Clearly preparing for a re-election campaign while her standing before the Democratic Party electorate is poor, Sen. Kyrsten Sinema announced that she is leaving her party and will represent Arizona as an Independent.
According to job approval ratings that were taken from polls conducted well before the November election, Sen. Sinema’s numbers had dropped to the point where she would be a severe underdog in a Democratic primary against her likely intra-party opponent, US Rep. Ruben Gallego (D-Phoenix). In a three-way race against Gallego and a Republican nominee, however, her re-election chances significantly improve.
The Fabrizio Ward/Impact Research Arizona September survey, part of the Republican and Democratic research firms’ joint polling series conducted for AARP, is the most comprehensive of the available current data that polled a Senator who was not on the ’22 ballot. The Sinema results found her saddled with a poor 37:57% favorability index ratio among Democratic voters. Obviously, these numbers suggest that her ability to win a partisan Democratic primary in 2024 is tenuous to say the least.
Therefore, faced with a similar situation to that of Alaska Sen. Lisa Murkowski* where polling data showed that she would again have trouble in a 2022 Republican primary, Sinema’s re-election prospects can improve, as they did for the Alaska Senator, by changing the election paradigm.
In Sen. Murkowski’s case, her team helped qualify a ballot initiative in 2020 that ultimately transformed the nominating system to a jungle primary format that allowed four candidates to advance into the general election. Adding a Ranked Choice Voting option to the election format then allowed Sen. Murkowski to best take advantage of the significant support she has among Democrats. Therefore, Sen. Sinema changing the Arizona electoral paradigm to a three-way general election could produce a similar successful outcome to what Sen. Murkowski engineered in the 2022 Alaska campaign.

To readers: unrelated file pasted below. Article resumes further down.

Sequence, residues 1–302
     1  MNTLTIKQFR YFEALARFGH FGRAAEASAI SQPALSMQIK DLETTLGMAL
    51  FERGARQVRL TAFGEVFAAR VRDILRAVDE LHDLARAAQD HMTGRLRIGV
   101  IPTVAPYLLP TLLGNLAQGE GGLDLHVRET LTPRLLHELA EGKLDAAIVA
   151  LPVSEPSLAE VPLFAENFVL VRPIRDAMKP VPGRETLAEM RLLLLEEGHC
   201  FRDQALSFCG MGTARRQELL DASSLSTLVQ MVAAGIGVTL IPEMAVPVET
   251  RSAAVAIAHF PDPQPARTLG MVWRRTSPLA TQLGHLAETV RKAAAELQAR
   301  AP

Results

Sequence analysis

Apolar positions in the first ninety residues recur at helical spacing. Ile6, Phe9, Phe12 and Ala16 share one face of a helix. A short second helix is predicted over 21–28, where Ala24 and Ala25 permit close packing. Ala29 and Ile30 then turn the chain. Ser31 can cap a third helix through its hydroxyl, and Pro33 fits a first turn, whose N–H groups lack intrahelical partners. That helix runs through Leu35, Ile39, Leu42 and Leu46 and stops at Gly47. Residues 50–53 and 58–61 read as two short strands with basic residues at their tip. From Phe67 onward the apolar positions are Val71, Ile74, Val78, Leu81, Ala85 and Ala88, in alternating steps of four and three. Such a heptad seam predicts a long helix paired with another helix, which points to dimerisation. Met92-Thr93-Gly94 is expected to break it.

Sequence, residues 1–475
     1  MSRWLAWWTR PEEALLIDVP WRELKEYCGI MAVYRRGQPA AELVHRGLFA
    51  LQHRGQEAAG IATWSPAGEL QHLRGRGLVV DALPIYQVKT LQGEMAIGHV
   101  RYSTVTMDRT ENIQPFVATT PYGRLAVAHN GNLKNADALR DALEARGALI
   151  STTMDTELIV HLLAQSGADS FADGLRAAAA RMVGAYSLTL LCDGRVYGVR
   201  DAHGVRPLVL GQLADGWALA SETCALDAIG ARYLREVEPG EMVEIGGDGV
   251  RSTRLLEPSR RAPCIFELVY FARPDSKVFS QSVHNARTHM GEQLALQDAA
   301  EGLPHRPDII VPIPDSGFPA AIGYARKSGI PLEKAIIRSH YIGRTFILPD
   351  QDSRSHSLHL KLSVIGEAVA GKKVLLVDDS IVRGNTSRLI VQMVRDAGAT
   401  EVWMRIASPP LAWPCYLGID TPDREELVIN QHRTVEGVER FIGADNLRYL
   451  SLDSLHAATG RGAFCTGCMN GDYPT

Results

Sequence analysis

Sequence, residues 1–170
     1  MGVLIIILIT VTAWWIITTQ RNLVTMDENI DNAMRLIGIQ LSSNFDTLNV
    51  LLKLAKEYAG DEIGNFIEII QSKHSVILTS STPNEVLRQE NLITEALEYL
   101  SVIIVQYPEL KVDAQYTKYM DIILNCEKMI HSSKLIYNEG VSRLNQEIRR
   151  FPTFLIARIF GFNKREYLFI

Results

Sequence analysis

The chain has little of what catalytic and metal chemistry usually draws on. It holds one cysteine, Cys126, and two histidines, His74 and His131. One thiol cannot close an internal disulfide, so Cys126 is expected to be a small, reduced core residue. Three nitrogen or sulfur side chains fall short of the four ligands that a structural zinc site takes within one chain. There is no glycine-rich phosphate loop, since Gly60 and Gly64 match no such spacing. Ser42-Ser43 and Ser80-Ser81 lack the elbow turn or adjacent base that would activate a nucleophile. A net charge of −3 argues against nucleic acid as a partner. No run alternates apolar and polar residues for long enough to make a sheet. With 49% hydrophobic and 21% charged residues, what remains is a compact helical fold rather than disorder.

Let’s look at Sinema’s numbers. Taking her approval ratings among Democrats (37%), Republicans (36%), and Independents (41%) from the Fabrizio Ward/Impact Research poll, such figures suggest the new Independent incumbent would attract approximately 38% of a proposed general election vote in a three-way race should even these weak numbers hold.
Extrapolating even further, a Republican nominee would likely obtain about 31% and a Democratic candidate 29%, when reasonably apportioning the remaining votes based upon projected 2024 turnout and the state’s partisan voting history.
Therefore, Sen. Sinema would seem to have a re-election path, even if her approval ratings don’t substantially improve, and assuming the other candidates run the type of competitive Arizona Senate campaigns that we have seen conducted recently. While there is much conjecture in this numerical breakdown, a Sinema victory path in this scenario is far brighter than running in a partisan Democratic primary against a strong opponent with a better political base.
There are obvious plusses and minuses to her making this move. First, in running as an Independent, Sen. Sinema avoids a Democratic primary and allows her to win re-election in just one election. The downside here is that she will need to obtain 45,000 valid petition signatures from Arizona registered voters in order to qualify for an Independent ballot line. Fortunately for her, she can begin collecting these signatures immediately, so even this large number should be attainable over such a long duration.
Next on the downside, she will receive no institutional party outside support and experience a more difficult time raising money. On the positive front, Sen. Sinema held almost $8 million in her campaign account at the end of September, according to her latest published Federal Election Commission campaign finance disclosure report, so she at least has a base with which to start funding her re-election bid. Additionally, having to compete in only one election means her required expenditures will be lower.
Additionally, the Senator will not likely have access to national Democratic consultants because the party leadership successfully prevents them from servicing a candidate who is not a Democrat. Conversely, she will be able to attract competent local talent who don’t typically receive institutional party contracts.
The 2024 Arizona Senate race will be another contest attracting huge national attention. Sen. Sinema’s move to the Independent ballot line certainly increases her chances of winning, but she is obviously no lock to claim a second term in the next election.
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